Previous Week In History: November 5 – November 11 – A Recap Of Events
World War I armistice signed
On Nov. 11, 1918, fighting in World War I ended as the Allies and Germany signed an armistice in the Forest of Compiegne (kohm-PYEHN’-yeh).
U.S. Marines first organized
On Nov. 10, 1775, the U.S. Marines were organized under authority of the Continental Congress.
East Germany opens its borders
On Nov. 9, 1989, communist East Germany threw open its borders, allowing citizens to travel freely to the West for the first time in decades; joyous Germans danced atop the Berlin Wall.
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Hitler’s “Beer-Hall Putsch” fails
On Nov. 8, 1923, Adolf Hitler launched his first attempt at seizing power in Germany with a failed coup in Munich that came to be known as the “Beer-Hall Putsch.”
The Beer Hall Putsch, also known as the Munich Putsch, was a failed coup d’état by Nazi Party (Nationalsozialistische Deutsche Arbeiterpartei or NSDAP) leader Adolf Hitler, Generalquartiermeister Erich Ludendorff and other Kampfbund leaders in Munich, Bavaria, on 8–9 November 1923, during the Weimar Republic.
Approximately two thousand Nazis marched on the Feldherrnhalle, in the city centre, but were confronted by a police cordon, which resulted in the deaths of 16 Nazis, four police officers, and one bystander.
Hitler escaped immediate arrest and was spirited off to safety in the countryside. After two days, he was arrested and charged with treason.
The putsch brought Hitler to the attention of the German nation for the first time and generated front-page headlines in newspapers around the world.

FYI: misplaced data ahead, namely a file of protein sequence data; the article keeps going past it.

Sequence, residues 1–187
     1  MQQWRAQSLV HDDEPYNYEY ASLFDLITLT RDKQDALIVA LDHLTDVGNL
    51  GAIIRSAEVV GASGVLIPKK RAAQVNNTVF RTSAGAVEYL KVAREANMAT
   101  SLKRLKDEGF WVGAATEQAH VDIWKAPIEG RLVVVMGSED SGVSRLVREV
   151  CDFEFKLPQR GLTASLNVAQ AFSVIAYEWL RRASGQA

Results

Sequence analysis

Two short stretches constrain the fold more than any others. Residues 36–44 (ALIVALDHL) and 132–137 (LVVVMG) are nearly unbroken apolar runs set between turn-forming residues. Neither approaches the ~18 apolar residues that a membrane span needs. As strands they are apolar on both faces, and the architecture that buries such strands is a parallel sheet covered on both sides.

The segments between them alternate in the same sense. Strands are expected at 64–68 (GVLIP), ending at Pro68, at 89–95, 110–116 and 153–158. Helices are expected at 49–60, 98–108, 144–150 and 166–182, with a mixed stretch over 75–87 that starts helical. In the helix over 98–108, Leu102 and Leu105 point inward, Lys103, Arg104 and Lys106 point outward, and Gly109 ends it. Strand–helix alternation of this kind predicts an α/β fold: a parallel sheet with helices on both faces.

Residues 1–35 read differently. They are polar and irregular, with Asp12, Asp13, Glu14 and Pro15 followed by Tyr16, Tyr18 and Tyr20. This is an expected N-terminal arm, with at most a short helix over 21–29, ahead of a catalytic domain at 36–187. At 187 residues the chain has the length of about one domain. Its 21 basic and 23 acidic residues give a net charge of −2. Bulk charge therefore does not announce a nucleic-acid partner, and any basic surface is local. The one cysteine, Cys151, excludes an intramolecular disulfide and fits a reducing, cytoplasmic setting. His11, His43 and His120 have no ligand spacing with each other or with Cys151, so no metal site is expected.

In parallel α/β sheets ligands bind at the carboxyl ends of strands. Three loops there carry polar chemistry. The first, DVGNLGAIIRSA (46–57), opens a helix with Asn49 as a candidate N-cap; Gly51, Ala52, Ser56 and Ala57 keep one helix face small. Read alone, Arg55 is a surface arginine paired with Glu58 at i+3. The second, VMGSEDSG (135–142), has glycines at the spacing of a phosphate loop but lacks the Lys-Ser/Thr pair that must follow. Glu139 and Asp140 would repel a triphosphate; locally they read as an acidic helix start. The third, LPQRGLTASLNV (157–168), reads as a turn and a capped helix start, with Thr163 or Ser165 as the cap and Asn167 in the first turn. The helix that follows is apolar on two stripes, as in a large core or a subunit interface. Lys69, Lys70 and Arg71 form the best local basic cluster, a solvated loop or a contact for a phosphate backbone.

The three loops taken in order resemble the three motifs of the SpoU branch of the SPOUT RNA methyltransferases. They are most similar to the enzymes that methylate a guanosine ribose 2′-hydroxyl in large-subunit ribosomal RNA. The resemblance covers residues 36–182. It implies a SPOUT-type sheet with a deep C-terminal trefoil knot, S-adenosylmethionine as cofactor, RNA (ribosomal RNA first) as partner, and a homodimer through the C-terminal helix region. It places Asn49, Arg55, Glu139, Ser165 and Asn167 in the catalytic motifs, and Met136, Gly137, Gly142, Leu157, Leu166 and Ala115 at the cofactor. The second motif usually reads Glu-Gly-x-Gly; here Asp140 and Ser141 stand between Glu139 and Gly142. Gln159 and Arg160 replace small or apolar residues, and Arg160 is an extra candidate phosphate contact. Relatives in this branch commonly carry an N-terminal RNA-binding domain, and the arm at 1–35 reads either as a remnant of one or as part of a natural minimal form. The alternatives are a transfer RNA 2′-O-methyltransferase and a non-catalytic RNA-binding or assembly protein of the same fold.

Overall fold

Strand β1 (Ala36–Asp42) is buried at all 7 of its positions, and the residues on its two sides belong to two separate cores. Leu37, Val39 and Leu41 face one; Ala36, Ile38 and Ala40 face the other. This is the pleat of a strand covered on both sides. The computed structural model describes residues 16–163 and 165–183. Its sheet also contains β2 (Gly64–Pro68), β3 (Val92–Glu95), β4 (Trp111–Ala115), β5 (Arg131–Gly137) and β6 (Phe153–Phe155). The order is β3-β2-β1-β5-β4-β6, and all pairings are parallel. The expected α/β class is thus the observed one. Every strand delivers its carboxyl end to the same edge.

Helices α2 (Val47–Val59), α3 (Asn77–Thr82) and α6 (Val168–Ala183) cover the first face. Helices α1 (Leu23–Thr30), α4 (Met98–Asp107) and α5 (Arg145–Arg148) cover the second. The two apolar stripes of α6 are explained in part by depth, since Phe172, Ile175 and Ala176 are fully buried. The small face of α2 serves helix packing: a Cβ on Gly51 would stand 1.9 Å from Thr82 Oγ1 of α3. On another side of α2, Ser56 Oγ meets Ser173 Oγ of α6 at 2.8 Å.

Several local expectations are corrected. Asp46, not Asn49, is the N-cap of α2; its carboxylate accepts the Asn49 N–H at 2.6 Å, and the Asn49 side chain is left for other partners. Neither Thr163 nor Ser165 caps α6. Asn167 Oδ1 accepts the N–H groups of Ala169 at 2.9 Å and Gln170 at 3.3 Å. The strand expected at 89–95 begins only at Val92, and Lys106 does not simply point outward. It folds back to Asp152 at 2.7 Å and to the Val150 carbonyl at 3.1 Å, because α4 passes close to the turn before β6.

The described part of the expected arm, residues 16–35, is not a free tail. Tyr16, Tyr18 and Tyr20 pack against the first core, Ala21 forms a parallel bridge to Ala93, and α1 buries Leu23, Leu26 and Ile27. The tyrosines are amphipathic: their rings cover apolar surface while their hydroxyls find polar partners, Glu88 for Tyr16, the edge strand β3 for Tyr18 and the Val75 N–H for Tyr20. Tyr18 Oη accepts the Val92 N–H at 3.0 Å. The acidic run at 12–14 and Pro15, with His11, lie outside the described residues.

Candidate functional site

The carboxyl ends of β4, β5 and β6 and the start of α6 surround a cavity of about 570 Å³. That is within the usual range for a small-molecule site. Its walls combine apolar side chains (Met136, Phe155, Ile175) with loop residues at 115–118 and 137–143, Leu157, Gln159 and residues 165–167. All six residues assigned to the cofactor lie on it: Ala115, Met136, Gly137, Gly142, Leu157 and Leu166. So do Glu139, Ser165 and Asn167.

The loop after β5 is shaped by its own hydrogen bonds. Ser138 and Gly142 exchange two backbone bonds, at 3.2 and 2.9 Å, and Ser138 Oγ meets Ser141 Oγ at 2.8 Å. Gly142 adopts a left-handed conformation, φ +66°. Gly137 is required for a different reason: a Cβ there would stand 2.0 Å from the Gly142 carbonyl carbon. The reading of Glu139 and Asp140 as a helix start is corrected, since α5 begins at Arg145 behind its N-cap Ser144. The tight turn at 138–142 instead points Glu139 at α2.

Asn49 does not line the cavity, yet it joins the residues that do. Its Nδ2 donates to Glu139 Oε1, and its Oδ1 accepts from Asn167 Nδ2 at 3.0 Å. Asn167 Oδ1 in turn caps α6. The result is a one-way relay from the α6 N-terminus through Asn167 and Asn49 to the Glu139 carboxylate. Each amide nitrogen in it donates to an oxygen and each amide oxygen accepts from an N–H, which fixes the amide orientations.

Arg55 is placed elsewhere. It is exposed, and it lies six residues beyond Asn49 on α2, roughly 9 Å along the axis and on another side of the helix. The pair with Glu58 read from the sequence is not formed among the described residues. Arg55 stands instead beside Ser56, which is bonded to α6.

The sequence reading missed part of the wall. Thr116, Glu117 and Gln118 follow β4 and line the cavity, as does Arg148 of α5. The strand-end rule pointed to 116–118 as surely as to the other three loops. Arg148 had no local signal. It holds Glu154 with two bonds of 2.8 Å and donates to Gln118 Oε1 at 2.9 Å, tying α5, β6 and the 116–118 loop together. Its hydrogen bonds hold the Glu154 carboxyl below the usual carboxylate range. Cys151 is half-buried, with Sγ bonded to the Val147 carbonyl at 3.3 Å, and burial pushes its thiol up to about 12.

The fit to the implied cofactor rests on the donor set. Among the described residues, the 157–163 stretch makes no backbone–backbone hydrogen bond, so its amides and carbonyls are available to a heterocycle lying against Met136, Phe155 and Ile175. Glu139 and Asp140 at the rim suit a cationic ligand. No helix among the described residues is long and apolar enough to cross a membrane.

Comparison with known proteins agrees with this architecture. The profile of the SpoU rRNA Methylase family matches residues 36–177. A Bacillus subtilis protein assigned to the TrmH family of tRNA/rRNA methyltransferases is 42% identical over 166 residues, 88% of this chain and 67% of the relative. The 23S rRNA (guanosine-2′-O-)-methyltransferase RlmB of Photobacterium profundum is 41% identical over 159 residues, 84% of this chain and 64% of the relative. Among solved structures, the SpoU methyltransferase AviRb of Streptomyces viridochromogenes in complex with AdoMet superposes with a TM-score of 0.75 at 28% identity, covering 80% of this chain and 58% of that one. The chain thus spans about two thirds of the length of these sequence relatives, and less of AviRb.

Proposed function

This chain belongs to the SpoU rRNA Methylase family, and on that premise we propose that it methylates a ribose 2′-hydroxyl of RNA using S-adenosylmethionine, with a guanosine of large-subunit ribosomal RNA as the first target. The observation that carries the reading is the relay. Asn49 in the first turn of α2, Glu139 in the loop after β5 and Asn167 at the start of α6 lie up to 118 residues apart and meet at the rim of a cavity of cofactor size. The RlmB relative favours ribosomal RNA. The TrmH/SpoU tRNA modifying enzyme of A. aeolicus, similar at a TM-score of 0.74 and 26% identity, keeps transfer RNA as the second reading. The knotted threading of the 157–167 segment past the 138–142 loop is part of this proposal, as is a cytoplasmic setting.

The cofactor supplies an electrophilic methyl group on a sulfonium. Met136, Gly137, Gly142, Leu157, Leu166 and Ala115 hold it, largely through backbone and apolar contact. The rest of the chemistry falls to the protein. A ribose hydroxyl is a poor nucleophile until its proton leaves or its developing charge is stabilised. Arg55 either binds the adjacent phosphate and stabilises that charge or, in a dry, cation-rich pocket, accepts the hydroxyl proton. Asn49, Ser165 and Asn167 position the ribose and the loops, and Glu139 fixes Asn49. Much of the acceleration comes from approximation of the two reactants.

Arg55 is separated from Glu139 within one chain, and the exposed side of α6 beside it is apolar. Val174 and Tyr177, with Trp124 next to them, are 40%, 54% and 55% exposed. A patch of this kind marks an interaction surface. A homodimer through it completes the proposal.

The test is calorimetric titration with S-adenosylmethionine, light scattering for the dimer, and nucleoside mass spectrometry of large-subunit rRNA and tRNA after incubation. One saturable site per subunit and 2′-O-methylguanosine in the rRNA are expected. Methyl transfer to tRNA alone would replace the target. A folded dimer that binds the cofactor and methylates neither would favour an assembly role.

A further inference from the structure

His arrest was followed by a 24-day trial, which was widely publicised and gave him a platform to express his nationalist sentiments to the nation.
Hitler was found guilty of treason and sentenced to five years in Landsberg Prison, where he dictated Mein Kampf to fellow prisoners Emil Maurice and Rudolf Hess.
On 20 December 1924, having served only nine months, Hitler was released.
Once released, Hitler redirected his focus towards obtaining power through legal means rather than by revolution or force, and accordingly changed his tactics, further developing Nazi propaganda.
Twitter becomes public company
On Nov. 7, 2013, shares of Twitter went on sale to the public for the first time; by the closing bell, the social network was valued at $31 billion.
Ronald Reagan wins re-election in a landslide over Walter Mondale
On Nov. 6, 1984, President Ronald Reagan won reelection by a landslide over former Vice President Walter Mondale, the Democratic challenger who won just one state, his native Minnesota.
Fort Hood shooting kills 13
On Nov. 5, 2009, a shooting rampage at the Fort Hood Army post in Texas left 13 people dead; Maj.